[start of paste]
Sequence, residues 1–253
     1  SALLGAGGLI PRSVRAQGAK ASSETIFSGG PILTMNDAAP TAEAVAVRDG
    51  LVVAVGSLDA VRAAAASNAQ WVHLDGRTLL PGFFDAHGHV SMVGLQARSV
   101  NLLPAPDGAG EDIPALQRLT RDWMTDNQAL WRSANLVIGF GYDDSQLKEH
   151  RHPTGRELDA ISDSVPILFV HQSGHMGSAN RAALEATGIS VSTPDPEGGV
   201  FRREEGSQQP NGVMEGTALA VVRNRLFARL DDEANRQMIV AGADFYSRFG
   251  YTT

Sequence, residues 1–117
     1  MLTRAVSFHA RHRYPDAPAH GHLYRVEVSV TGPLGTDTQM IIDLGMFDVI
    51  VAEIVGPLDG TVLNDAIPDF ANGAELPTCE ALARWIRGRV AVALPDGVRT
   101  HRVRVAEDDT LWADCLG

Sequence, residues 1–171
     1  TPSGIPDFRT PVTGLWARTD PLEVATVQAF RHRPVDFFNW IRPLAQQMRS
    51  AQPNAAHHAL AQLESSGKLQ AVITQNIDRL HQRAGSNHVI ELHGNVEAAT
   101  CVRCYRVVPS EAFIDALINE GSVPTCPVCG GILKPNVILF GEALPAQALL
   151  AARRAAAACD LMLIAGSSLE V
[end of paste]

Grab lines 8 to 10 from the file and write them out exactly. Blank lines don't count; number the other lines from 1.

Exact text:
Sequence, residues 1–117
     1  MLTRAVSFHA RHRYPDAPAH GHLYRVEVSV TGPLGTDTQM IIDLGMFDVI
    51  VAEIVGPLDG TVLNDAIPDF ANGAELPTCE ALARWIRGRV AVALPDGVRT